She met with each of the mentors on her panel on a regular schedule that she worked out with each of them. She not only received important support to develop skills necessary to become the professional she aspired to be, she also began to build solid relationships, which became the foundation of her long-term professional network. As her career developed and her mentoring relationships strengthened, she periodically examined, reviewed, and updated her initial evaluation of her strengths, interests and opportunities for growth, and she made changes where necessary to the career goals she sought to fulfill through her mentoring strategy. This review process included periodic assessment of each mentoring relationship and whether a particular relationship has fulfilled its purpose, should be modified, strengthened, or discontinued all together. Part of her strategy to continue to develop and nurture her professional network was also her willingness to serve herself as a mentor to others where appropriate and to continue her involvement in bar associations and other community programs where her expertise could be used effectively.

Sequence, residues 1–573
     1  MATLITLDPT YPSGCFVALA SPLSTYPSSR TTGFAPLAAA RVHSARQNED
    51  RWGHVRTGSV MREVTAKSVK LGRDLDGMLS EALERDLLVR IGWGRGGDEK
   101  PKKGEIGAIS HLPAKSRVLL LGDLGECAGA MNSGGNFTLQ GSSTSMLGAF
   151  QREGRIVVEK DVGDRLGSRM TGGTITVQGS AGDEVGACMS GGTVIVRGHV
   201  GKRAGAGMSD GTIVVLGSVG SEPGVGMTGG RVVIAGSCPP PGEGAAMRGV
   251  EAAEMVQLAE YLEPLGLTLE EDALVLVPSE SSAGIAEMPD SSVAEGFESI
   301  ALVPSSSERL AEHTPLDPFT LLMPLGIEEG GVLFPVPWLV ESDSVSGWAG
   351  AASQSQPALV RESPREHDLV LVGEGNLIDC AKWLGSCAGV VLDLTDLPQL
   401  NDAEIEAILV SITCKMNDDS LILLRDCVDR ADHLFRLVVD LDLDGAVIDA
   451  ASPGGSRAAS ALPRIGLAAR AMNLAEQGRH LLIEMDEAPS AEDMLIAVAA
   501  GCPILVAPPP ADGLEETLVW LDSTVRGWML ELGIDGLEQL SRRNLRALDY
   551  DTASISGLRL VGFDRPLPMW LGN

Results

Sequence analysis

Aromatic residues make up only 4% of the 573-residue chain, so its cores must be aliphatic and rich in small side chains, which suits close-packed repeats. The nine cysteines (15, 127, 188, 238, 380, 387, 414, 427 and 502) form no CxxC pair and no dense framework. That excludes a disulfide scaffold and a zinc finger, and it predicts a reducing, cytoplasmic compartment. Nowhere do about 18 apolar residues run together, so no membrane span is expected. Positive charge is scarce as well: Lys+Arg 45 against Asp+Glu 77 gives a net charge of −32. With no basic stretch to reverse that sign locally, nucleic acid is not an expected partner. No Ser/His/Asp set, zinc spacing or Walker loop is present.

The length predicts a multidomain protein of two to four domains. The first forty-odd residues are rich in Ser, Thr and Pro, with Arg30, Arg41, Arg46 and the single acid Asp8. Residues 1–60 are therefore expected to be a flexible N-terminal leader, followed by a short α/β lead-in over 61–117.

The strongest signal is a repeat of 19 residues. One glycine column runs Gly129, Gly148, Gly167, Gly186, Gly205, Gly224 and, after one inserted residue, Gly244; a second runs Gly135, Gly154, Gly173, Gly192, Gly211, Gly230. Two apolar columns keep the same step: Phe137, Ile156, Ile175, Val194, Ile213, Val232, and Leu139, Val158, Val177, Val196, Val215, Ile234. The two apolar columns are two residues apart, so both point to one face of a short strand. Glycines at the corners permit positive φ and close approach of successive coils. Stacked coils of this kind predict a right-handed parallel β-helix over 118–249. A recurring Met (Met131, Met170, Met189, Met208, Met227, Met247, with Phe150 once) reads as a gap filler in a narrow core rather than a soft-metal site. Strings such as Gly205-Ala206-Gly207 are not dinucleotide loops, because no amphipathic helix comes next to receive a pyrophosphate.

Regardless of the practice area one chooses to enter, a new graduate seeking to practice law faces the daunting task of simultaneously developing expertise in many different substantive and procedural areas. A 2012 article provides an overview of the many different areas a recent graduate endeavoring to practice law must master. No single mentor can offer the support a mentee needs in every area. For this reason, a good mentoring strategy like the example given above should include a panel of mentors with diverse expertise to meet the needs of the mentee.
Building a fulfilling career requires committed sustained work and effort in various different areas. A thoughtful and flexible mentoring strategy to develop indispensable skill sets should be near the top of the list of priorities to achieving the goal of building a solid career.
 Mentor, Merriam-Webster Dictionary, https://www.merriam-webster.com/dictionary/mentor (last visited Feb. 13, 2018); Mentor, American Heritage Dictionary, https://www.ahdictionary.com/word/search.html?q=mentor (last visited Feb. 13, 2018).
 Kathleen Balthrop Havener, Lifeguarding Lawyers, 29 GPSolo 18, 20 (2012) (“[L]ooking out over an ocean teeming with brand new ‘Nemo’ lawyers, I can’t help but think they’re heading into shark-infested waters. Who will look after them? Review their work? Talk with them about how to actually accomplish the thousands of tasks you need to know to really practice law? Whom does one serve and with what? Where does one apply to be a notary and what’s the point? How does one decide what is appropriate to plead in a complaint and what is not? How do you avoid becoming an incurable workaholic or an abuser of a more damaging substance?”).
 Another author has made a similar recommendation. See Prischilla Claman, Forget Mentors: Employ a Personal Board of Directors, HARV. BUS. REV. (Oct. 20, 2010), https://hbr.org/2010/10/forget-mentors-employ-a-person.